* China invested record $67.7 bln in clean energy last year
* Faces annual finance gap 3.5 times that amount by 2020
LONDON, March 21 (Reuters) - China will have to raise up to $243 billion a year by 2020 to finance clean energy development, said a report commissioned by Beijing which will be presented to the government this month.
Premier Li Keqiang this month pledged more action in tackling China's heavy pollution which sparked public anger this winter.
Last year, China accounted for one quarter of world investment in renewable energy. It invested a record $67.7 billion in clean energy - 20 percent more than in 2011 - in a year when overall global clean energy investment declined.
But it will have to spend over three and a half times that amount by 2020 to help meet its carbon intensity cut and low-carbon energy targets, said the report by non-governmental organisation The Climate Group and Beijing's Central University of Finance and Economics on Thursday.
China aims to get 15 percent of total energy demand from low-carbon sources by 2020 and cut its carbon intensity by 17 percent from 2011 to 2015 and by 40-45 percent by 2020 versus 2005 levels.
Carbon intensity is the amount of carbon dioxide emitted per unit of gross domestic product (GDP).
These goals will require total investment of up to $333 billion by 2015 and $413 billion by 2020, said the report seen by Reuters, which was commissioned by the Chinese government's National Development and Reform Commission (NDRC).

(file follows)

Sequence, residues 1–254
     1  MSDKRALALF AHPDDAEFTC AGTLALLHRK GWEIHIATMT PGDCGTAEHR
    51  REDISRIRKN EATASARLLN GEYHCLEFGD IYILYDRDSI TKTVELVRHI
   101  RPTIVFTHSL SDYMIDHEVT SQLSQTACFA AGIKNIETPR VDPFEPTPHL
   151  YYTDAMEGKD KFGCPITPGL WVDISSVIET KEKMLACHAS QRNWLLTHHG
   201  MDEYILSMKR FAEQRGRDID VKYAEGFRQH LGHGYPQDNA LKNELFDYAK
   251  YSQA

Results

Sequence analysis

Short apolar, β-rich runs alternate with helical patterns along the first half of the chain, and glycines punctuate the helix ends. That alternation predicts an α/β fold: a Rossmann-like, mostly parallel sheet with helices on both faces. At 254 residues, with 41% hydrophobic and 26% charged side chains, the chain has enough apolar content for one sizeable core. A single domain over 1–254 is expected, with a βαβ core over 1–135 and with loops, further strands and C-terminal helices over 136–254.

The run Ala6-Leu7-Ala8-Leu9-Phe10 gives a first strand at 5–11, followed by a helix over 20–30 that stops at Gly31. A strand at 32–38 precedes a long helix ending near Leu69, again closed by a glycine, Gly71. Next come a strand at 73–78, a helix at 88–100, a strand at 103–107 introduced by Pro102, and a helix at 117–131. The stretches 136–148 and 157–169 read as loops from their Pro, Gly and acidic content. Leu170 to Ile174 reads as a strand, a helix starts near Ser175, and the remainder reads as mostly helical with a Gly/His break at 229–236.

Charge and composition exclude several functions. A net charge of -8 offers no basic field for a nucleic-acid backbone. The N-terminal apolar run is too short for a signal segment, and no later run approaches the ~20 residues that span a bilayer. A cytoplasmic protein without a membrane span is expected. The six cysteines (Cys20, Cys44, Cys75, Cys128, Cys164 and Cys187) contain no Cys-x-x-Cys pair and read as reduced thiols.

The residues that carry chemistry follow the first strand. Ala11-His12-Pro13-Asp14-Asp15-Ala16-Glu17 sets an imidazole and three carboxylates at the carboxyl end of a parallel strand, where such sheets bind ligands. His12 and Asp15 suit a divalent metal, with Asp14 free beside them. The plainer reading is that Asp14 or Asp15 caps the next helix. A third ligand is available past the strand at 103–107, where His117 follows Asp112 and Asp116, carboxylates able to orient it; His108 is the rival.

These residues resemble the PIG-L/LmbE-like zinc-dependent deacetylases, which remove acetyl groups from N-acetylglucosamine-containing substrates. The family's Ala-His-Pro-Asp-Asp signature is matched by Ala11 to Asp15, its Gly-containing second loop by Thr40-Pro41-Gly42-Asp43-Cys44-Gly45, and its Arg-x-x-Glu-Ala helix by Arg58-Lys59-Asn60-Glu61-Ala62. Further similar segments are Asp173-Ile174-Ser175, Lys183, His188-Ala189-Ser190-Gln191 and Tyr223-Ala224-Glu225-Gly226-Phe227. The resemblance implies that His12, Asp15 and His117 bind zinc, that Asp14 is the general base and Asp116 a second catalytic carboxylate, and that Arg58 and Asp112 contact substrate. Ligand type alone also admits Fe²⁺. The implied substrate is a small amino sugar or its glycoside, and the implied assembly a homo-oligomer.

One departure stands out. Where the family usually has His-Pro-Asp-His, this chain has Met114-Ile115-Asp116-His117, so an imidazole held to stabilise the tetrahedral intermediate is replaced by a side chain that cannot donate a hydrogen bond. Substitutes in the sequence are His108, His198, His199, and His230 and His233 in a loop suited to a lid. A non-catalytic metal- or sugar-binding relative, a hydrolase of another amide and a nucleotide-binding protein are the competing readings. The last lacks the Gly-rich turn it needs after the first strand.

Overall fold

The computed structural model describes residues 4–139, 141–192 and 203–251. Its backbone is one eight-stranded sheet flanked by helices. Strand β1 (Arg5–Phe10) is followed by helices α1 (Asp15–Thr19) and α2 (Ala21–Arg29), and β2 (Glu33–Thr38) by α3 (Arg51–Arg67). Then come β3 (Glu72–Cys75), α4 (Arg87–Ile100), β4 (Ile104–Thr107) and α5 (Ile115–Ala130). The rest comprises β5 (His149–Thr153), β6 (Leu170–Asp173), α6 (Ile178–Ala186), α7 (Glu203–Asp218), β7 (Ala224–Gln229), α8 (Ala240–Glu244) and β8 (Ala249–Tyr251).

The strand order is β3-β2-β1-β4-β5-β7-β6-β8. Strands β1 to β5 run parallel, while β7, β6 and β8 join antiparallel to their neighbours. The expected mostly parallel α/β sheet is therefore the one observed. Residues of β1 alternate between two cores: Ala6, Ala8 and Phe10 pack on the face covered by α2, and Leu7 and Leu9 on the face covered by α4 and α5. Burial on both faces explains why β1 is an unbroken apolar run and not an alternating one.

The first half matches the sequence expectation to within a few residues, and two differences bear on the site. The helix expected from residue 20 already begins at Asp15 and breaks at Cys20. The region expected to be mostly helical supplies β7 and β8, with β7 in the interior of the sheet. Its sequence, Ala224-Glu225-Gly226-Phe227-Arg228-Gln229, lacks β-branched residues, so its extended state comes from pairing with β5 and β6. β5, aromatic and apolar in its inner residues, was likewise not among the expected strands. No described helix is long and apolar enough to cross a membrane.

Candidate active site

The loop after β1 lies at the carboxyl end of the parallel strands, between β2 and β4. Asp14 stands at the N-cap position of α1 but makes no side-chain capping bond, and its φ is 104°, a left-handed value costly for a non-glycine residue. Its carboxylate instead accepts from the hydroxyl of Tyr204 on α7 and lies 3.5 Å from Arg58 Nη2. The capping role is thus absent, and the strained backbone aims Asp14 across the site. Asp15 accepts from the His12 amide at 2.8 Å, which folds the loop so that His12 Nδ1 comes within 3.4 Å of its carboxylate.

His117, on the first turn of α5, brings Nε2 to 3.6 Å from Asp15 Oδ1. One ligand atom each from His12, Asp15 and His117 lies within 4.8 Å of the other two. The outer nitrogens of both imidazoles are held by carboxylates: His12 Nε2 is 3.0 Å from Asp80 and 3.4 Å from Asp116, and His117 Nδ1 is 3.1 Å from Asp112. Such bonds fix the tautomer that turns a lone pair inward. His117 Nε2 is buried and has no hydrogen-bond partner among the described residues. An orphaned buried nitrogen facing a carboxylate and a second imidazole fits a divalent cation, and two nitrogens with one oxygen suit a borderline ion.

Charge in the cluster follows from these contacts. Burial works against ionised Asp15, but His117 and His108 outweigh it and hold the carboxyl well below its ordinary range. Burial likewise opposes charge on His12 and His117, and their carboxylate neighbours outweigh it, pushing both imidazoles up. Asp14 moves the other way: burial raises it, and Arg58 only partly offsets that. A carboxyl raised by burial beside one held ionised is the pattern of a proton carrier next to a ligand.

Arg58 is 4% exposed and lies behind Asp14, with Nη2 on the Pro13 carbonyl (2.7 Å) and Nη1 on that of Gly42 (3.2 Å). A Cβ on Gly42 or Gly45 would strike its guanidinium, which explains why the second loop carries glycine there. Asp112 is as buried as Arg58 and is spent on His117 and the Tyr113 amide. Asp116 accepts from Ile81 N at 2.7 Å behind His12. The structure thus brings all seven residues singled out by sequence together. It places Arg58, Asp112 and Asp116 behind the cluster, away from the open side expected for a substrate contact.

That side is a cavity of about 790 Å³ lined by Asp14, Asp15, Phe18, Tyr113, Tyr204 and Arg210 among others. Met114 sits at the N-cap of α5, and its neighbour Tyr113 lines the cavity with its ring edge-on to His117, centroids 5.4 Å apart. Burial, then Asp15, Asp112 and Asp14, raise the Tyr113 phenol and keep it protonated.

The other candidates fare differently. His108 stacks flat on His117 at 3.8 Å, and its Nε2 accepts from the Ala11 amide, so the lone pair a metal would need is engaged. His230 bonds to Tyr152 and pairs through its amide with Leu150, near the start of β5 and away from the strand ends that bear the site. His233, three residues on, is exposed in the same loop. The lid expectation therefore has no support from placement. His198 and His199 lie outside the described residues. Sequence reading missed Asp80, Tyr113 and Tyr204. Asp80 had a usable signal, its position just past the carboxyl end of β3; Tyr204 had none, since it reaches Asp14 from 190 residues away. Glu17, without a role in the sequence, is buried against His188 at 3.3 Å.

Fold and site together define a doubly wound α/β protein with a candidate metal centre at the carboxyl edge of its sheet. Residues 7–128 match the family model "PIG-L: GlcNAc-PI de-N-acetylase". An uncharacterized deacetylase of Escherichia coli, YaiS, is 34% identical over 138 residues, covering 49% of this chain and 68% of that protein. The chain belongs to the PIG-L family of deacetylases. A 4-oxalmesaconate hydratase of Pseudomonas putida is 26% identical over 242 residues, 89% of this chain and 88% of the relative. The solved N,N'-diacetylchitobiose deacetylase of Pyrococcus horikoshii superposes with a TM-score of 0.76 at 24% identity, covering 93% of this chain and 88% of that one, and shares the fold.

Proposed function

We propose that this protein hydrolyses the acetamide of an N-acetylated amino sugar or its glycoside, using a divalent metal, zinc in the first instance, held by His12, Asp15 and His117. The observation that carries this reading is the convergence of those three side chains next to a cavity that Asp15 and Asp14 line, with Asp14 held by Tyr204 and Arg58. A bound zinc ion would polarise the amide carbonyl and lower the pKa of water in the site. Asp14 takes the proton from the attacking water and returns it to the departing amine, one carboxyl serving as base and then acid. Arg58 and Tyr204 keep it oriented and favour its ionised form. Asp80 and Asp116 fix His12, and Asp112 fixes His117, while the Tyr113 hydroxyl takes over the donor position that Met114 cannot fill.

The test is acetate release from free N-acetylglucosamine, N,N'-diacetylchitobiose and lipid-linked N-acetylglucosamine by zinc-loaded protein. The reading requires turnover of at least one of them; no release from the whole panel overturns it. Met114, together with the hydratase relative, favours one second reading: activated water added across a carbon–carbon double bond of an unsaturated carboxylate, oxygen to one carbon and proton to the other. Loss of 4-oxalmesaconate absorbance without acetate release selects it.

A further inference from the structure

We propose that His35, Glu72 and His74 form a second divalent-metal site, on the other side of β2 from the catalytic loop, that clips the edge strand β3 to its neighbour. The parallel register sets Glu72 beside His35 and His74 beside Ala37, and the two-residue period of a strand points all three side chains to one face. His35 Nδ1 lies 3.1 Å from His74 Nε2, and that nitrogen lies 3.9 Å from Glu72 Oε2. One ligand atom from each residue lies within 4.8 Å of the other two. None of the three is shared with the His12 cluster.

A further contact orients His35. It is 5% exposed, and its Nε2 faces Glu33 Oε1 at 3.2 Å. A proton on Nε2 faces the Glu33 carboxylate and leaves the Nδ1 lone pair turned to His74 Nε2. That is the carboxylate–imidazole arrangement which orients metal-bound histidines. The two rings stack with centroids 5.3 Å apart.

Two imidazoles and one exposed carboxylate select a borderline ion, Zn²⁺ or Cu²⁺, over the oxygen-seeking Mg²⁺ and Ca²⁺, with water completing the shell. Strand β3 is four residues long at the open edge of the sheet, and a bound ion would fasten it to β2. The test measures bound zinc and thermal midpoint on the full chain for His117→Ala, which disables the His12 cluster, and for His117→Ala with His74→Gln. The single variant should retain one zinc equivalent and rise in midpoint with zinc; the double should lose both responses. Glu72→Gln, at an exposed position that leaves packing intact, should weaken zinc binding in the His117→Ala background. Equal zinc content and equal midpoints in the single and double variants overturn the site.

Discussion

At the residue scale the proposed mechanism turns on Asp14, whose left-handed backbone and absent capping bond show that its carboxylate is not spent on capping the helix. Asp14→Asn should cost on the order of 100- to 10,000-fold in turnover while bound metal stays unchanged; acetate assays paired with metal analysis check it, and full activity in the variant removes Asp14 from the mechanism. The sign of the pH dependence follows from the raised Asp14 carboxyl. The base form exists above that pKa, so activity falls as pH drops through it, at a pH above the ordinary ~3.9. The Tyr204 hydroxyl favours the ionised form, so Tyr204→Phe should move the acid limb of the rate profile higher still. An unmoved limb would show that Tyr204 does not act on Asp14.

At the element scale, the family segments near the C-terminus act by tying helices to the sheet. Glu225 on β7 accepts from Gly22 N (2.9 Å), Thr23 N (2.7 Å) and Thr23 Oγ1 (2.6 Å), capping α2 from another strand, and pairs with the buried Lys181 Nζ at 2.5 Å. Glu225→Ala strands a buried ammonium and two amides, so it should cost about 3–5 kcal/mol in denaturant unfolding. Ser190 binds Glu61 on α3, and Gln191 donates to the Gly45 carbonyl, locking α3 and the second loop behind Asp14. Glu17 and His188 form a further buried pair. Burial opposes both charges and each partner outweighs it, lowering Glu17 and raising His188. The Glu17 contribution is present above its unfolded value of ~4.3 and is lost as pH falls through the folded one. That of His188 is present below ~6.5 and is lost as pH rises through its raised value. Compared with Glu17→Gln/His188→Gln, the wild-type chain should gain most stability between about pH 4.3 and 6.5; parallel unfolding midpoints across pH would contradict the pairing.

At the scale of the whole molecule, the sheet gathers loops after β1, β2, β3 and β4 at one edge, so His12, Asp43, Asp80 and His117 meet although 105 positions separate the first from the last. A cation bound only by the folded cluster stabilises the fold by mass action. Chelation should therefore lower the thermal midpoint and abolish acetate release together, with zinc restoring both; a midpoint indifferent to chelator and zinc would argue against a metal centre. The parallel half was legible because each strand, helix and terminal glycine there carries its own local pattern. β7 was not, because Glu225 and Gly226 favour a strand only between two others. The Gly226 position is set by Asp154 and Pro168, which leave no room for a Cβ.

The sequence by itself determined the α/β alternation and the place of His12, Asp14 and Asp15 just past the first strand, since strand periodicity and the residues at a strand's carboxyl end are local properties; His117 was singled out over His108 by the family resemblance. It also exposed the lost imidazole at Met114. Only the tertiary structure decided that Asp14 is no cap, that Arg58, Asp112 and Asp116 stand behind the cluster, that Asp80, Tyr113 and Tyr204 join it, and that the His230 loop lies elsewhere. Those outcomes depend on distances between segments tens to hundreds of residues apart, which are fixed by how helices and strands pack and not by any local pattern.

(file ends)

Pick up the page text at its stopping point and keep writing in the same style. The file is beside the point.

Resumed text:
Current public and private funds are not enough to cover this investment, resulting in a finance gap of around 2 percent of China's projected GDP in 2015, or up to $214 billion a year.
This will reach up to $243 billion a year by 2020.
"Although the gap in finance identified is a substantial figure, it is also true that it represents around a relatively modest 2 percent of GDP...China's leaders have the tools to close this gap," the report said.
A separate study in January by Tsinghua University estimated China would need to invest 1.8 trillion yuan ($289 billion) in its renewable energy sector from 2011 to 2015.
Both public and private finance will be needed to plug the finance gap but private sector finance will have a larger role to play particularly after 2015, the Climate Group report said.
The government will have to use a number of different sources, including international climate funds, sovereign wealth funds, micro-financing, as well as ensure China is attractive to institutional investors.
It should accelerate setting up regional carbon markets and reduce fossil fuel subsidies.
China also needs to create the right policies and incentives to leverage private finance, such as establishing a national climate fund and a green investment bank and a carbon trading regulatory commission, the study said.
The Chinese government should consider preferential tax rates for cleaner fuels, market mechanisms to promote energy efficiency and make it easier for green bonds to be issued. ($1 = 6.2118 Chinese yuan) (Editing by William Hardy)